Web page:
To celebrate the ten-year anniversary of UNESCO naming Berlin a ”City of Design,” the editors Robert Eysoldt and Raban Ruddigkeit have assembled 100 successful projects, products, and processes which currently connect Berlin with the world. From architecture to humanitarian design and open source projects, via fashion, product, and communication design. Published 2017 by Slanted Publishers.
Handmade Urbanism showcases 15 projects realized mostly in less favored areas of five major cities in emerging countries, examining the potential of urban transformation embedded in community initiatives. The book drafts a possible urban vision of the city impacted by those processes and organizes a discussion that promotes participatory initiatives while exploring their potential to impact on the city at large – to the benefit of all. Edited by Marcos L. Rosa and Ute E. Weiland with a foreword by Richard Sennett. Published by JOVIS.
The Moravia Manifesto presents alternative planning approaches put forward by an international think-and-do tank, developed alongside local participants from the Moravia informal settlement at the heart of the Colombian metropolis Medellín. The urban coding planning approach demonstrates new ways in which planning, politics, economy, and administration can initiate and implement innovative and inclusive urban transformation processes together with local communities. Published by JOVIS.
Total Armageddon is about design. And culture. And complexity, notably how we, as a global civilization, deal with science fiction, taste, social media, the cities we live in, aesthetics, PowerPoint, burkas, Big Tech, full-contact sports, and other thorny topics. A collection of both essays that are brand new to Slanted readers, as well as the very best essays from past issues of Slanted Magazine, written by the most vital and vibrant global voices in writing on design and culture today such as Steven Heller, Piotr Rypson, Gerry Leonidas, Yoon Soo Lee, Kiyonori Muroga, and a host of others.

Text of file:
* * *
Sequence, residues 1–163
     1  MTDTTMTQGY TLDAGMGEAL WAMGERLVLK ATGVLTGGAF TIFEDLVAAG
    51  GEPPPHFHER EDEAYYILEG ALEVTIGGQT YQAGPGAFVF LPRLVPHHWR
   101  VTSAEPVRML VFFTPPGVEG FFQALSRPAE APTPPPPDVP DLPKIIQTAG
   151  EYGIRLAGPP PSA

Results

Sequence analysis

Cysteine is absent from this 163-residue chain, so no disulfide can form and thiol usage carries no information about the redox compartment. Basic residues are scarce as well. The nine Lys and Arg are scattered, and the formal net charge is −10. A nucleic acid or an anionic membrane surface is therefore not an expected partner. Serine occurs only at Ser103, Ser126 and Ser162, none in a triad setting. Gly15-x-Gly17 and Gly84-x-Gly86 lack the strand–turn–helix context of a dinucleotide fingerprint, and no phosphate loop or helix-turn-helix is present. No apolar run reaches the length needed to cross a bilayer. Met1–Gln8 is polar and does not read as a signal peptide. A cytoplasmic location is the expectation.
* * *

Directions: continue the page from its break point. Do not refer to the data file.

ICOON eco is the first environmentally friendly picture dictionary for ecological globetrotters: 100% recyclable. Over 2000 symbols, pictograms and photos help in every situation with wordless communication. Cargo bicycle, mossikton net, diarrhoea? Just point a finger at the corresponding picture! Edited by Gosia Warrink and published by Amberpress in 2019.
The Berlin Wall GIF on the homepage is a work by Rasalo, a Designer from Málaga, Spain.
Is a wall an effective instrument for master global challenges?
Following you will find some links to articles that are certainly an interesting input for the current #ZEROWALLS competition:
The Walls in Our Heads
The idea that we can solve problems by building physical barriers is a persistent human fantasy. An article by New York Times.in the
Borderwall as Architecture
Ronald Rael’s “Teeter-Totter Wall” conceptualization from Borderwall as Architecture: A Manifesto for the U.S.-Mexico Boundary became a reality. Read the article on the University of California Press Blog.
Building walls may have allowed civilization to flourish
Humans have built walls to keep others out, or in, for at least 12,000 years. Why is wall building coming back into fashion now? Read the interview with David Frye, author of the book “Walls: A History of Civilization in Blood and Brick” at
Walls Separating People
A look at how walls have been used to continue institutionalized oppression and elite-sanctioned “othering.” Read more at Toxipedia.